By the 1500s anticipation was about doing something before somebody else and then, as I mentioned earlier, by the 1800s we were anticipating by thinking in advance instead of doing or taking in advance. I suppose what this teaches me about my NaNoWriMo prep month is that I shouldn’t just think about my preparations, I should also take action. Wise words.

As for getting ahead with a hat, well, the whole ant thing was about getting your forehead out in front, a hat can really help with that, so perhaps the slogan was right? I’ll have to don my Wordfoolery jester’s hat while writing this month.

Until next time happy reading, writing, and wordfooling,

Grace (@Wordfoolery)

Bangers – Edible, Musical, and Explosive


This week’s word is banger, a word which has a multitude of meanings despite it’s apparent simplicity.

For me, because it’s October now, the primary meaning of banger is a loud firework. Technically fireworks are illegal in these parts but it doesn’t stop enthusiasts traveling across the border to Northern Ireland (where they are legal) and stocking up in anticipation of Halloween parties. Inevitably there’s a temptation to let them off early and in some places this can start as early as September. It’s a nightmare for pet-owners and not much better for writers working from home.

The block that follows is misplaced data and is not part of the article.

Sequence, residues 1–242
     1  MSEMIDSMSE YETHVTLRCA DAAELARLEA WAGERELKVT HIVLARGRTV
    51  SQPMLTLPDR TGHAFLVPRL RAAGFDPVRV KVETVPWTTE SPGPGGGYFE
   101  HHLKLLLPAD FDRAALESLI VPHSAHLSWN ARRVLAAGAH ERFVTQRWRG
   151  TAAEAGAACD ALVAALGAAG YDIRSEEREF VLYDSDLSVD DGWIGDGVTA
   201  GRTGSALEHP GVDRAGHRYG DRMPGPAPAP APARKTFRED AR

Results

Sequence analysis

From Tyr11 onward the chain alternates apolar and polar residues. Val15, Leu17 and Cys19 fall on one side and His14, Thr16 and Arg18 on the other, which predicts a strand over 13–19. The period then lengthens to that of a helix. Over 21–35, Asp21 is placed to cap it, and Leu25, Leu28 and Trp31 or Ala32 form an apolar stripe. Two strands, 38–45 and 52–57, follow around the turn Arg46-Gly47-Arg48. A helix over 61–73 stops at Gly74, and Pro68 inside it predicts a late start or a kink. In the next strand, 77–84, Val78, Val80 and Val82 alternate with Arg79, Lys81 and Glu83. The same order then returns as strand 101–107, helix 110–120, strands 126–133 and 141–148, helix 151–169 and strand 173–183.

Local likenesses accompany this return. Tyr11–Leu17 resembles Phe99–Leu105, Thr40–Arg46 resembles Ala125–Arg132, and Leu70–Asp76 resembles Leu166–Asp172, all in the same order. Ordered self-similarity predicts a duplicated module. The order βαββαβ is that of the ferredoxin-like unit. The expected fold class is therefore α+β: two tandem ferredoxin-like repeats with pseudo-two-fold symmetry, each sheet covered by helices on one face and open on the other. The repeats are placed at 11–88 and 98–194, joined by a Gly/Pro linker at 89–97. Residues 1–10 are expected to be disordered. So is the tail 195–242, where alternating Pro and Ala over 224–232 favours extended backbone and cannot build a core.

The bangers must be cheap as they are in plentiful supply. They don’t make a display in the sky but they’re loud – hence the name. I was sure this was Hiberno-English but I checked my copy of “The Dictionary of Hiberno-English” by Dr Terence Patrick Dolan and the only listing there is one I never heard before – a banger is “someone on, say, a football team who is over the age limit” and presumably thus able to out-play the opposition due to size or skill. Sneaky, eh?

Bangers of the edible variety

The Cambridge dictionary backs me up on the firework definition and adds – sausages, old cars, and popular music with heavy beat and good for dancing. Urban Dictionary adds that a banger can be a party, presumably where such music is played. My teens definitely use banger in the musical sense more than for anything else.

Banger as a term for a sausage has a fun etymology which I found in the excellent “Outlander Kitchen” cookbook and in the Encyclopedia Britannica. Bangers and mash is a traditional British meal of sausages (the bangers) and mashed potatoes, usually served with an onion gravy. Sausages were nicknamed bangers during World War I when meat shortages encouraged sausage makers to be more inventive than usual. After all there are two things you should never see being made – laws and sausages – a motto often attributed to Otto von Bismarck but mythbusted here. Filling them with too much water caused the sausages to explode when cooked – hence bangers.